The holidays are over now and it’s almost time to start taking down those decorations and saving them for next year. Taking some time to properly store your LED Christmas lights and other decorations this year can save you a giant headache next year. Here are some tips and tricks that we’ve found over the years to help you store your decorations.
The American tradition of decorating evergreen trees, homes, and landscapes, with brightly lit Christmas lights is not as old as many people think. Most of us probably assume that Americans have always used Christmas lights, in one form or another, but this isn’t exactly true. As it turns out, this American tradition has only been around for about 60 years, but the development of the tradition has a story and history that began centuries ago.
Finding strands of Christmas lights that won’t light up can be one of the most frustrating parts of decorating for the holidays. If you have a strand of LED lights that you just can’t get working again, the problem might be with the fuse. Here are 7 quick and easy steps to replacing the fuses in your LED lights and getting your holiday decorating back on track.
It’s 80 degrees on a beautiful day in July as this blog is being written. A clear blue sky is streaked by a few wispy clouds; trees are decked in green foliage; the flowers are blooming in a riot of colors. Why in the world would I be planning Christmas lights today? There are several reasons:
Decorating with lights for Christmas, has expanded far beyond the family Christmas tree in the living room. The displays range from the truly sloppy and tacky, to absolute beautiful works of art. It is really a lot of fun to pack the family in the car, and drive around your community to look at the holiday displays…the good, the bad, and the ugly.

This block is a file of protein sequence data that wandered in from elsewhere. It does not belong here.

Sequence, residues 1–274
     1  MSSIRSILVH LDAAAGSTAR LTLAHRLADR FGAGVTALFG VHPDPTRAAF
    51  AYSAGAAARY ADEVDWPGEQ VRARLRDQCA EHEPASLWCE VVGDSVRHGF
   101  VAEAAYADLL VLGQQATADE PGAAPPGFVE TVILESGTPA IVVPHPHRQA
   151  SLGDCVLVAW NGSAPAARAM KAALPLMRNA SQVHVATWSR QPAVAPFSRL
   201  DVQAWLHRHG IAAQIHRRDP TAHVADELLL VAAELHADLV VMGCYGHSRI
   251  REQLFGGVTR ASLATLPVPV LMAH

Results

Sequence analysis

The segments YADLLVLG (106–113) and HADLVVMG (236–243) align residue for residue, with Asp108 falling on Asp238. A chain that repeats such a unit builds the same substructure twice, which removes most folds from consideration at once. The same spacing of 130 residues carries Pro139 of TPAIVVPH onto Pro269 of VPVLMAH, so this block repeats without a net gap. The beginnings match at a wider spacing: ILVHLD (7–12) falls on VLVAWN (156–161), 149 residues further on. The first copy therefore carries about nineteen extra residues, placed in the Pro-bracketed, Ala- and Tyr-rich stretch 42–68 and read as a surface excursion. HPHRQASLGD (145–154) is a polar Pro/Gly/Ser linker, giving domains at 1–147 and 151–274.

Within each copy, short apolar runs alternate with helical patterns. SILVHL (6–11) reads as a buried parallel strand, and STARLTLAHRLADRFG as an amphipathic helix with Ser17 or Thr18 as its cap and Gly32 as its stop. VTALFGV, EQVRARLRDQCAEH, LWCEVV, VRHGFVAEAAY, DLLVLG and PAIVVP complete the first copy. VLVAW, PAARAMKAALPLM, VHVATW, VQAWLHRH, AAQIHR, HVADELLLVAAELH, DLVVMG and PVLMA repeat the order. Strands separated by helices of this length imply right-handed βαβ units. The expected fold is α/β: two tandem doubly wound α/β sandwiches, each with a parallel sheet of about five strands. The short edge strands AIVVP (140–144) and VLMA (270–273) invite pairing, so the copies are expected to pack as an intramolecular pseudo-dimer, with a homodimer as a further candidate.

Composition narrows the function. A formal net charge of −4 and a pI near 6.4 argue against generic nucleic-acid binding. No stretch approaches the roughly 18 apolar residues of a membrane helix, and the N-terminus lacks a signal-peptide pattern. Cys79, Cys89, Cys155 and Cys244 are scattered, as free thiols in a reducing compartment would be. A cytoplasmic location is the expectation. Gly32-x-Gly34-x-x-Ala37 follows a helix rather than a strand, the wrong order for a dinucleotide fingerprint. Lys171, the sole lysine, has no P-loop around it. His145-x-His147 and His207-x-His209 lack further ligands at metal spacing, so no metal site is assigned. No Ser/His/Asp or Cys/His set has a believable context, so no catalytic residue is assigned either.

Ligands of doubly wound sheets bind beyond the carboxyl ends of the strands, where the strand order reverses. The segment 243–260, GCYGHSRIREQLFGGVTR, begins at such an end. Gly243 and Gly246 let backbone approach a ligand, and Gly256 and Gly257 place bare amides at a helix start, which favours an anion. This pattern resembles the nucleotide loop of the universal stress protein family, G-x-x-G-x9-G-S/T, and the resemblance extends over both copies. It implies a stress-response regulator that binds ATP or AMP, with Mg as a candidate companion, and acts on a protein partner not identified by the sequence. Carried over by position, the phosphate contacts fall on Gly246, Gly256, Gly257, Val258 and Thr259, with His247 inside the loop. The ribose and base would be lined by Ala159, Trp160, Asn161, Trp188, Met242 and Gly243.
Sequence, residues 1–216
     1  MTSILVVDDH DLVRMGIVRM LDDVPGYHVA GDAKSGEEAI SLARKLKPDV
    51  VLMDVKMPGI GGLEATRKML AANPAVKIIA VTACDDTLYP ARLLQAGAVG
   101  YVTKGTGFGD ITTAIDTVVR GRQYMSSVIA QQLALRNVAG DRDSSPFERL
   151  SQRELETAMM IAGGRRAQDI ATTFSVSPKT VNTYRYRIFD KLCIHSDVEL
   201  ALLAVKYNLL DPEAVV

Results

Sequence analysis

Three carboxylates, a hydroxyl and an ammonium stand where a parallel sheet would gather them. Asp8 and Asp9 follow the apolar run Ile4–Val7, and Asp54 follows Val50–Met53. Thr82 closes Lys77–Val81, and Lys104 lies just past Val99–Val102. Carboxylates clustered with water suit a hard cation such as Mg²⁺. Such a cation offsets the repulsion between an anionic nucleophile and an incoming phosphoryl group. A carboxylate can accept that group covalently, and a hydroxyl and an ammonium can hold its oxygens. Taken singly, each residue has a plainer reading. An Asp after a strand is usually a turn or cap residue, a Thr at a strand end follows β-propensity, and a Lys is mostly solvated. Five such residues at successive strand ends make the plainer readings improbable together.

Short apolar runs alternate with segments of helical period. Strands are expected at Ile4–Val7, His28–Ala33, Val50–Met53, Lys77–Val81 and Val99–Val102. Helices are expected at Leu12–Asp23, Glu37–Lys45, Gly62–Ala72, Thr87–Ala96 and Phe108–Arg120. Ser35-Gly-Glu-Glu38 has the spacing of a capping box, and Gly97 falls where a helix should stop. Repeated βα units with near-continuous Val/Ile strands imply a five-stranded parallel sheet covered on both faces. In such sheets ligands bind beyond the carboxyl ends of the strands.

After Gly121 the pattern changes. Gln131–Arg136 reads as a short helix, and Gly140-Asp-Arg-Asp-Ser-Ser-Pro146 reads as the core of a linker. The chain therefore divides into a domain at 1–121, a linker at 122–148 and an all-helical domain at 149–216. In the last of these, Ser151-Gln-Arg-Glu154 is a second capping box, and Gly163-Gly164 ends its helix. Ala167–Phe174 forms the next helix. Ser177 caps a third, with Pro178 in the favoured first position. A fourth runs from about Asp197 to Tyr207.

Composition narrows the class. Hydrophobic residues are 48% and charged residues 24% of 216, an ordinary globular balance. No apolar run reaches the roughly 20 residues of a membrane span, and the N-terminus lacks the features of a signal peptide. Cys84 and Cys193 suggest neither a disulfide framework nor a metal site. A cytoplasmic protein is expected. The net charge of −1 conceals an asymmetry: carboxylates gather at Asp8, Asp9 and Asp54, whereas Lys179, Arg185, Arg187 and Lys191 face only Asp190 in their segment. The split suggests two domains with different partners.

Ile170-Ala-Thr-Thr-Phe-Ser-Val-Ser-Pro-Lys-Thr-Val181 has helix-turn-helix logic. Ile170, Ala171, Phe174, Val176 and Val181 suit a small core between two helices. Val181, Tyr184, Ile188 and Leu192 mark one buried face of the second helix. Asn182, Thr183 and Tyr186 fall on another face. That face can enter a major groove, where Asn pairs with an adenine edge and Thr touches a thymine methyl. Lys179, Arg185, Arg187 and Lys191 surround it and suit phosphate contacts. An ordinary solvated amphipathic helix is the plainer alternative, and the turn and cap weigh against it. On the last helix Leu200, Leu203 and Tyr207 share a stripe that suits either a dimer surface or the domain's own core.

Christmas with Furry Friends
You may have seen it at your own home, or a friend’s, or just pictured it happening: the beautiful Christmas tree adorned with several hundred lights and decorations wiggles, and jiggles, and finally topples over with a crash as Arthur the cat climbs to capture the star. Or you may have memories of little Pepe, your Chihuahua, posing for a picture among the mini lights, but later you caught him drinking water from the tree stand, resulting in a clean-up in the “Christmas aisle.”
Remember those riddles from math class?
“What digit is the most frequent between the numbers 1 and 1,000 (inclusive)? Don’t solve this riddle by doing all of the math; rather try to figure out a pattern.”
“A merchant can place 8 large boxes or 10 small boxes into a carton for shipping. In one shipment, he sent a total of 96 boxes. If there are more large boxes than small boxes, how many cartons did he ship?”
And there are also math tricks. “Think of any number. Double the number. Add 9 to the result. Subtract 3 from that. Divide by 2. Subtract that number from the first number you started with. Your answer is 3.” (Really, it is 3.)
“I love the twinkling lights, the cookies, and the carols.”
“I love getting together with family, and all the decorations and lights.”
“I love the magic of Christmas.”
Most people say that the beautiful lights are one their favorite things about the holiday season. Christmas lights—indoors and out—make this time of year magical. Most families and many businesses have a tradition of decorating with lights. Many families also have a tradition of driving to specific neighborhoods to see holiday light displays. Capturing visual memories of the lights with a camera (digital or film) can be tricky, but it’s not too hard to learn the basics so your photos of Christmas lights will be spectacular. You’ll just need to learn about when to shoot, what to shoot, and how to set your camera for both the basics and some special effects.
“Doing nothing is respectable at tea.” —Saying quoted in Sasaki Sanmi, Sadô Sajiki
The holiday pre-season is here—the perfect time to pause for tea, and “do nothing” for a short while. Many individuals plan an annual holiday tea party with friends before the rush of the season takes over. A number of restaurants and inns offer holiday tea time once a week during the busy season. Whether you’re an individual that loves the tea tradition or the owner of a restaurant, this could become a favorite event to host. You simply need to choose a theme, know your teas, select edibles, and decorate for the event.